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As a director of Harken Energy Corp. in 1990, Bush, who had sold his own oil business to Harken and been retained as a consultant, made the motion at a board meeting to negotiate the transfer of struggling assets of Harken into a partnership with Harvard University's investment arm, Harvard Management Co., documents indicate.
Unlike Enron, which used partnerships to conceal debts and unprofitable making operations, Harken followed accounting rules for its partnership and disclosed it to investors and regulators. Bush did not profit personally from the transaction because he had sold most of his shares earlier.
"There is simply no comparison" to Enron, a White House spokesman, Scott McClellan, said. "It was disclosed to investors, and it conformed to accounting rules."
News of the partnership was disclosed Wednesday in The Wall Street Journal and The Boston Globe after documents were gathered by HarvardWatch, a group that monitors the university's investments. It provided what to Bush was an unwelcome link between him and the accounting scandals that have weakened investor confidence this year.
After the partnership was created, the price of Harken's shares recovered as the company's financial situation appeared to improve, in part because of the removal of $20 million in debt.
According to board minutes of Aug. 29, 1990, obtained by HarvardWatch, Bush made the motion, which was approved, to "proceed in negotiations" toward "formulating a letter of intent" creating a "new entity." The entity, which became the Harken Anadarko Partnership, included oil and gas properties to be managed by Harken.
Harvard Management, which invests the university's endowment, was a major investor in Harken, at one point owning 30 percent of its shares. Its investments began at about the same time that Bush, whose father was then vice president, became a director of the company in 1986.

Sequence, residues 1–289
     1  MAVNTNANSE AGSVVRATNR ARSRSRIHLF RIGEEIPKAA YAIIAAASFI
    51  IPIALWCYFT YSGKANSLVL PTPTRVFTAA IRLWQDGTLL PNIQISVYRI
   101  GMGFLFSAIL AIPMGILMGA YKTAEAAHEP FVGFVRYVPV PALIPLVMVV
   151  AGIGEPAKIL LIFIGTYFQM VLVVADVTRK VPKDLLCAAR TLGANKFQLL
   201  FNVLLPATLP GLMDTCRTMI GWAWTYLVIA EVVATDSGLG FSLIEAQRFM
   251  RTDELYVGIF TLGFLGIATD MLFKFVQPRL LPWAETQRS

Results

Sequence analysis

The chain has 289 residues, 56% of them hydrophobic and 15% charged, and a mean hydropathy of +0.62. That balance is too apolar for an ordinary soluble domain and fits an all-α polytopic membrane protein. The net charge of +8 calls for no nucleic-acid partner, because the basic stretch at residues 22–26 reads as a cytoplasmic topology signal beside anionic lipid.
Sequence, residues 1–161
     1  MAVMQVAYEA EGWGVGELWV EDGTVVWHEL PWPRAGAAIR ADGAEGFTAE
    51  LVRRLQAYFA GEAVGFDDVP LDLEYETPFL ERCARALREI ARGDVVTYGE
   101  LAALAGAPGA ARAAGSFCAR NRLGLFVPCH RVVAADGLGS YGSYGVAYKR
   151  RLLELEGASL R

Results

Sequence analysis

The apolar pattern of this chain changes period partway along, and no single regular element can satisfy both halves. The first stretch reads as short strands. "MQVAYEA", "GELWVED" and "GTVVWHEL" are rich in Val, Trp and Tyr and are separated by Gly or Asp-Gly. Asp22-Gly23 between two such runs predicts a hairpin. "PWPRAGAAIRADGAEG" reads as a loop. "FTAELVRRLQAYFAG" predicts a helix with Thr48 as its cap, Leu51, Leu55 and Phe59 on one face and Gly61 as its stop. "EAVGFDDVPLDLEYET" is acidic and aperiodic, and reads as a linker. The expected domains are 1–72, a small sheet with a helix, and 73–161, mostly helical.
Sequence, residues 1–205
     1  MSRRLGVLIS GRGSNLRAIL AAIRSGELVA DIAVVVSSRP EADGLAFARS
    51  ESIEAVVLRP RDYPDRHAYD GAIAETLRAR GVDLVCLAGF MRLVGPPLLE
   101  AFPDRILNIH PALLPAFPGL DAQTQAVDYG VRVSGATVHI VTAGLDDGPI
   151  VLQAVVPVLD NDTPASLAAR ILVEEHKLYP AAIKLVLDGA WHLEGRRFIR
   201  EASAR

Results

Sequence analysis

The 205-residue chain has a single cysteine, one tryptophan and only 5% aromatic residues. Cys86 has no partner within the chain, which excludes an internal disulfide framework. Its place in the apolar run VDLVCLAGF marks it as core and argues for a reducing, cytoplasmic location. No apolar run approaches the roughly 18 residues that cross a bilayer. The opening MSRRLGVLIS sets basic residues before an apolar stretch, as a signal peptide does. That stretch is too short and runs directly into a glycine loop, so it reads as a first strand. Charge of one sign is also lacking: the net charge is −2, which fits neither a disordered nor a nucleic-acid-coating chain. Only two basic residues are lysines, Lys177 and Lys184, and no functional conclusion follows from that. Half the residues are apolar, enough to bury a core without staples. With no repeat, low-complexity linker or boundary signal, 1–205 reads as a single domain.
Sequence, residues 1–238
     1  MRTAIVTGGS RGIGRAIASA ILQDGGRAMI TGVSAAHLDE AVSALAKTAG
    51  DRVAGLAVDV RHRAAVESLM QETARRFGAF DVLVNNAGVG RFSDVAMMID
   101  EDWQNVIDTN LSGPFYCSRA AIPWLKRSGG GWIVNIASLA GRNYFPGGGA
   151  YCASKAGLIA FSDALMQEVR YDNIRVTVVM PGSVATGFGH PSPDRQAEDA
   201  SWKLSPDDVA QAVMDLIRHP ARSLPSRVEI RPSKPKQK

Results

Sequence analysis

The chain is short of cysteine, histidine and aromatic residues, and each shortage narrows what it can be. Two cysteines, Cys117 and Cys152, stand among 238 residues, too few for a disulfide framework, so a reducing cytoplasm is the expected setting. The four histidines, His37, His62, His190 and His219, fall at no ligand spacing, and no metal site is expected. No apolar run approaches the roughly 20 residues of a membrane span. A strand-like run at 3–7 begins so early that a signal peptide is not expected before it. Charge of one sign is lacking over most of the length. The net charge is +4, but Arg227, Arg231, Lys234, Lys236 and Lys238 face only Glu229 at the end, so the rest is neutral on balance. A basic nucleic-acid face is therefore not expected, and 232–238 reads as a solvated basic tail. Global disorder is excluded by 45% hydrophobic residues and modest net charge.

McClellan, the White House spokesman, said the ties between Harvard Management and Harken had nothing to do with connections to the Bushes because talks about a possible Harvard investment in Harken began before Bush became a director of the company. McClellan said that the off-balance-sheet partnership had been proposed by Harvard and that the university investors had "set the terms of the partnership."
Harvard said Wednesday that its investments in Harken "were not inappropriate" and that connections to the Bush family had not been a factor. "The role of the Harvard Management Company is not to curry political favor but to invest well on Harvard's behalf," its statement said.
A phone call to Harken executives seeking comment was not returned.
The partnership significantly improved Harken's fortunes. Its shares, which had fallen to $1.25 in late 1990 from a high of $6, climbed to $8 in 1991. The improvement came as Harken's debt and interest expenses fell because of the partnership. Harvard benefited from the higher stock price by selling 1.6 million shares between September 1991 and October 1992, HarvardWatch said.
By December 1992, Harvard Management had bought all of Harken's interest in the partnership. Harvard sold the venture in 1993 to Cabot Oil Gas Corp. for stock valued at $34.6 million, HarvardWatch said.
The partnership "bears striking resemblance to the partnerships Bush has condemned at Enron," HarvardWatch argued. "It was controlled by and transparent only to Harken insiders, and likely was used to artificially brighten the company's business prospects."
Copyright © 2002 The International Herald Tribune